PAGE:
# Writing R Functions

In this lesson, you will learn to:

• Write your own functions in R

• Make good decisions about function arguments and returns

• Include side effects and/or error messages in your functions

• Use good R code style

Time Estimates:
Â Â Â Â  Videos: 30 min
Â Â Â Â  Readings: 10-30 min
Â Â Â Â  Activities: 60-90 min
Â Â Â Â  Check-ins: 4

## Writing Functions

Required Video: Writing Functions

Required Tutorial: Primer: Writing Functions

Recommended Reading: R4DS: Functions

Check-In 1: Simple Functions

Write a function called `times_seven()` which takes a single argument and multiplies by 7.

This function should check that the argument is numeric.

This function should also excitedly announce (print) â€śI love sevens!â€ť if the argument to the function is a 7.

Check-In 2: Predicting Function Behavior

``````add_or_subtract <- function(first_num, second_num = 2, type = "add") {

if (type == "add") {
first_num + second_num
} else if (type == "subtract") {
first_num - second_num
} else {
stop("Please choose `add` or `subtract` as the type.")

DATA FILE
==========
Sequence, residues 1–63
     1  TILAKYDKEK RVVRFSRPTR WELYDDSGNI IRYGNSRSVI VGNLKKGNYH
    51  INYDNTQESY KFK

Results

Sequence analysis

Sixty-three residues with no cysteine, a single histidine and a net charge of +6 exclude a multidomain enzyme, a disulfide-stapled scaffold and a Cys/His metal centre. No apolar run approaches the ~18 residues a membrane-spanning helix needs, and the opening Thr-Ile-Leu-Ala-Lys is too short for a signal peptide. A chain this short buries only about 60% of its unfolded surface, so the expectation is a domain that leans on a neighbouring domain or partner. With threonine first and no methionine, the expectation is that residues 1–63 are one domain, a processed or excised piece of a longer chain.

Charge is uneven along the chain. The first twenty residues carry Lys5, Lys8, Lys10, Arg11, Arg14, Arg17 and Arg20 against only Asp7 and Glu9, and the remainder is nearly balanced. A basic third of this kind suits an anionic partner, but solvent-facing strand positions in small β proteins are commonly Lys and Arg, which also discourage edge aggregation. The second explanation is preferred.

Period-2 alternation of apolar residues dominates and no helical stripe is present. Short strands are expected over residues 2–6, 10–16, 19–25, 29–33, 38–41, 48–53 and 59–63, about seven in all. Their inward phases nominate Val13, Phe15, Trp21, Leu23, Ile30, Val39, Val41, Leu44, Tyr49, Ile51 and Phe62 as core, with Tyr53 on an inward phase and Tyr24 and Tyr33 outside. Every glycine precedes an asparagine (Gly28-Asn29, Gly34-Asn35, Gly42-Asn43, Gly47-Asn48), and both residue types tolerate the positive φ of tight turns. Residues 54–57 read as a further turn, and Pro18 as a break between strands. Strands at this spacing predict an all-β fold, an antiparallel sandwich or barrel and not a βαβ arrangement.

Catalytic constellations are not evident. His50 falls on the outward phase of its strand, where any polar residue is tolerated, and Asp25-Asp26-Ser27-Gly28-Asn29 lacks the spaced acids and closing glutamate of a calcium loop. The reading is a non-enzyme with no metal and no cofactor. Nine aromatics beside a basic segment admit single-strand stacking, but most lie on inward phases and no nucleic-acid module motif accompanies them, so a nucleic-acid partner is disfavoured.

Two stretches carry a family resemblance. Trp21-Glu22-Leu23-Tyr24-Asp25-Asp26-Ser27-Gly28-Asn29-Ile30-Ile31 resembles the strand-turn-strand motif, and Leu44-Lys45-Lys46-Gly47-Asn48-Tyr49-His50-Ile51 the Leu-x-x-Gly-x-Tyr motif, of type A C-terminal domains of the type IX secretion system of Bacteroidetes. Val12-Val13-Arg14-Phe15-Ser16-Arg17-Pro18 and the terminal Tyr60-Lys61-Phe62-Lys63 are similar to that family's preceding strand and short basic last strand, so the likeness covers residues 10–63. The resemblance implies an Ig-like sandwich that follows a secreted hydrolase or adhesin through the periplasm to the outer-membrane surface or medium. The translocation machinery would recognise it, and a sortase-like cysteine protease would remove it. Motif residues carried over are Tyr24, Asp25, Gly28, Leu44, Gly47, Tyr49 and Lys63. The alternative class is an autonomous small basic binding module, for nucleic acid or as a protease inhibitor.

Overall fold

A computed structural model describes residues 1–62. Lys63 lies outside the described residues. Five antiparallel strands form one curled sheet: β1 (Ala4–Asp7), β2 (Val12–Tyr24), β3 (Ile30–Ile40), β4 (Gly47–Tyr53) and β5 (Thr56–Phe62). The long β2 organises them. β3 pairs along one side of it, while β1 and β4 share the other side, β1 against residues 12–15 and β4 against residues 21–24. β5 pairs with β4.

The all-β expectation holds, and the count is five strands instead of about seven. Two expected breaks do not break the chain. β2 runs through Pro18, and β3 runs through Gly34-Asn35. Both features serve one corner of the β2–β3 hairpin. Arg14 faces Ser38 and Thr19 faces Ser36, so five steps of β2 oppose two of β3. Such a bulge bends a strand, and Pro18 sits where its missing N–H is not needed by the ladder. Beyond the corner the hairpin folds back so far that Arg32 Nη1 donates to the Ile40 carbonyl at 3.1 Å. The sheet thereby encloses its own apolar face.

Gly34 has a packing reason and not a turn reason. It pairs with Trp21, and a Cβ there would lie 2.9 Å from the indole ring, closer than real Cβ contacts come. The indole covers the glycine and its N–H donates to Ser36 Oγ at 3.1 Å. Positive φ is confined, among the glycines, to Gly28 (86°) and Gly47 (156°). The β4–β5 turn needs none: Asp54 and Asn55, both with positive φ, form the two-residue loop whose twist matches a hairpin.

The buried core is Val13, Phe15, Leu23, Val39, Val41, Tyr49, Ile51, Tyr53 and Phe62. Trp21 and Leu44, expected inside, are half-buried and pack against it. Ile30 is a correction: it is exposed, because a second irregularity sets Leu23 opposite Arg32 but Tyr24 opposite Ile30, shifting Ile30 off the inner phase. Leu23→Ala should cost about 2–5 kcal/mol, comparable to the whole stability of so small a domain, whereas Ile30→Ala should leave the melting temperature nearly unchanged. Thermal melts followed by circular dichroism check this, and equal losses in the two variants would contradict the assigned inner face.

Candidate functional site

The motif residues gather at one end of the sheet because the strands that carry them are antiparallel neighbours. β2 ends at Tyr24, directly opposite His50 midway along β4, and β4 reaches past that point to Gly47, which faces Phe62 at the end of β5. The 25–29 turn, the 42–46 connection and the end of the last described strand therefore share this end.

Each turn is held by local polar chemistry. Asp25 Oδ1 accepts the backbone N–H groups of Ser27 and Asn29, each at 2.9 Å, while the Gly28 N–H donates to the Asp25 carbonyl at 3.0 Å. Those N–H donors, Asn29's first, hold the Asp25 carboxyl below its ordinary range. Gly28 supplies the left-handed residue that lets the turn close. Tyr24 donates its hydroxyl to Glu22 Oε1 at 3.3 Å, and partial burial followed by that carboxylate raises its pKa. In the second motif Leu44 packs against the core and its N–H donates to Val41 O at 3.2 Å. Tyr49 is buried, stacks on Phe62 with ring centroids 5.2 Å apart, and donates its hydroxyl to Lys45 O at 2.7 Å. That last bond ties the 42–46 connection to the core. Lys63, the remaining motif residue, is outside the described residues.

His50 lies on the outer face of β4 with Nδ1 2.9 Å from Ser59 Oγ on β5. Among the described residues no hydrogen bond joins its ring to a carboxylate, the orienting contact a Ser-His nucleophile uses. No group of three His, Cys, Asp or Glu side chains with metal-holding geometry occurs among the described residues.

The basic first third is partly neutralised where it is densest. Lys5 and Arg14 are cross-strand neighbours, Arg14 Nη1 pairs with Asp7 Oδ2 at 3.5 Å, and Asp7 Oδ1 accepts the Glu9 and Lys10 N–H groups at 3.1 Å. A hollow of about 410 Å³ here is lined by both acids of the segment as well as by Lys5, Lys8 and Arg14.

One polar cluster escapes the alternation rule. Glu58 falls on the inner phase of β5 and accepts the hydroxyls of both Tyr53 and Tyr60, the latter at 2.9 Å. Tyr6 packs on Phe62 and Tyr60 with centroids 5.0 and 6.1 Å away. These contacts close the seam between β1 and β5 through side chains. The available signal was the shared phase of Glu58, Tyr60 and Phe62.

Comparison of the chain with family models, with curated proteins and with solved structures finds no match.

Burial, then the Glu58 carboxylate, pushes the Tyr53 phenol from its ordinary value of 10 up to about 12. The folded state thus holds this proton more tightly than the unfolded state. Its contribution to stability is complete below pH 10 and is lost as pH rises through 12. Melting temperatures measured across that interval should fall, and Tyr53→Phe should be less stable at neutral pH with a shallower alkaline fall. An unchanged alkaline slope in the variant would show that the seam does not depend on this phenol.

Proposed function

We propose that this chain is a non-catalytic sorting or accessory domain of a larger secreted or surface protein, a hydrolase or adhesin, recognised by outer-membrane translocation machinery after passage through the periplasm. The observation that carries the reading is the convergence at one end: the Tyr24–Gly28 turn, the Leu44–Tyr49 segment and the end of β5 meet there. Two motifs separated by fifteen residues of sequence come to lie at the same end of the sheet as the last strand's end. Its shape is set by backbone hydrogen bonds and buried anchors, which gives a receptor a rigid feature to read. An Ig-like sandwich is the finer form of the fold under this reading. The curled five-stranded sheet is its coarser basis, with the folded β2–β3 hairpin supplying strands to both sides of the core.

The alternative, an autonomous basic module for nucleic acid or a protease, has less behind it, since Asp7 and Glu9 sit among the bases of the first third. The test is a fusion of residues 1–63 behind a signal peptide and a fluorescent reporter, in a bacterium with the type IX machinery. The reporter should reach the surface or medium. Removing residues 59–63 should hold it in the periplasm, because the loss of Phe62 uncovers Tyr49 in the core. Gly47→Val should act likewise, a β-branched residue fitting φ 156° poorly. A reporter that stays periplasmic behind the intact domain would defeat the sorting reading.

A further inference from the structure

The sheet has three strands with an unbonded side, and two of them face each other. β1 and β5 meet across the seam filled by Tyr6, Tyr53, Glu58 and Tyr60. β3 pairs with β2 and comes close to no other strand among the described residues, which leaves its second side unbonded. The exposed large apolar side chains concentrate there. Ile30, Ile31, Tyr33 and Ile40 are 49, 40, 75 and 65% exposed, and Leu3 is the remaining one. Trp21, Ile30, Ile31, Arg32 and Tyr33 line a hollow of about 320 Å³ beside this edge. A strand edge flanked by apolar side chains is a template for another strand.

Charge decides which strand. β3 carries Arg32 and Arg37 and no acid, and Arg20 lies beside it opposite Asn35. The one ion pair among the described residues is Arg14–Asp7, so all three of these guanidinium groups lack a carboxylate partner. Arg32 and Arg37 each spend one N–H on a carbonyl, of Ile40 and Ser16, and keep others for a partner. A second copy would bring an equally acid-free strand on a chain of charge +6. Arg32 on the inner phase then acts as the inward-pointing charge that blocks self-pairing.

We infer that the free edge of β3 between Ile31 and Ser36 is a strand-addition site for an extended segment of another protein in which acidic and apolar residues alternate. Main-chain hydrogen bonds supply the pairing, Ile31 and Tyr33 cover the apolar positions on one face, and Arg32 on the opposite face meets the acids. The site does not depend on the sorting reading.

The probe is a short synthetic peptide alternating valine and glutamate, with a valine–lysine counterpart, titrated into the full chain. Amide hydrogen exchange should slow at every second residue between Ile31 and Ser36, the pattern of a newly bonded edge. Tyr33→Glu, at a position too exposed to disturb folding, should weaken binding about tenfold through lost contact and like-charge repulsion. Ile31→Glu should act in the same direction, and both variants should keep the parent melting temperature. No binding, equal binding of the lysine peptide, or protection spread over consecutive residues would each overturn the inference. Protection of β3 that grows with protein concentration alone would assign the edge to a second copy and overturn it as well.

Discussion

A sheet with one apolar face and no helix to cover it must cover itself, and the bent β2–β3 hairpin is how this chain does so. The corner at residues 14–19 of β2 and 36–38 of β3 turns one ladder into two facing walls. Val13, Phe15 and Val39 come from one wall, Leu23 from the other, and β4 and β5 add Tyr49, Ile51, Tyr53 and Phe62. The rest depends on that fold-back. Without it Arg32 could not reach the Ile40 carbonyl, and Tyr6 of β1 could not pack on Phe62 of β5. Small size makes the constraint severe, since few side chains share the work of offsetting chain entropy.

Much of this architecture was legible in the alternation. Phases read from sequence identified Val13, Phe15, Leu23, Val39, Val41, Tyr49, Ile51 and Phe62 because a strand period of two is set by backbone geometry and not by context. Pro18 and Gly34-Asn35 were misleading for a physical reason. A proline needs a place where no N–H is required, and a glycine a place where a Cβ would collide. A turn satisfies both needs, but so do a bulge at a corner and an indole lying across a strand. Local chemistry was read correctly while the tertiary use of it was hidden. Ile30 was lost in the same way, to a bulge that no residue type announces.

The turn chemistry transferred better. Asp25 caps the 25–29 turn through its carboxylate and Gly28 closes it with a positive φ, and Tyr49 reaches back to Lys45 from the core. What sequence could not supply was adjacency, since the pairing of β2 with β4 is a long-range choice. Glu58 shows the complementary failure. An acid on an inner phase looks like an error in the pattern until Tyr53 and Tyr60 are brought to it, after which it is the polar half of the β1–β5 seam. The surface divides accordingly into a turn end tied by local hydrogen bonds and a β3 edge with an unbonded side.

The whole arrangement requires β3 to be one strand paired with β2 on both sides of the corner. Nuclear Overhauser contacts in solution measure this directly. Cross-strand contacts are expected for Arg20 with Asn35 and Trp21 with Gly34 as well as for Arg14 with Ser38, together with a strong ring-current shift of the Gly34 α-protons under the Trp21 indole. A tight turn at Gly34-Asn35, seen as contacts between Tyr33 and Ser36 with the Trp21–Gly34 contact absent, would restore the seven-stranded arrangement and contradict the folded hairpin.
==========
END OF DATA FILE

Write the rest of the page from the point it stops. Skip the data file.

}

}``````

Question 1: What will be returned by each of the following?

1. 1
2. -1
3. 30
4. An error defined in the function `add_or_subtract`
5. An error defined in a different function, that is called from inside `add_or_subtract`
``````add_or_subtract(5, 6, type = "subtract")

add_or_subtract("orange")

add_or_subtract(5, 6, type = "multiply")

add_or_subtract("orange", type = "multiply")``````

Question 2:

Consider the following code:

``````first_num <- 5
second_num <- 3

result <- 8

result <- add_or_subtract(first_num, second_num = 4)

result_2 <- add_or_subtract(first_num)``````

In your Global Environment, what is the value ofâ€¦

1. `first_num`
2. `second_num`
3. `result`
4. `result_2`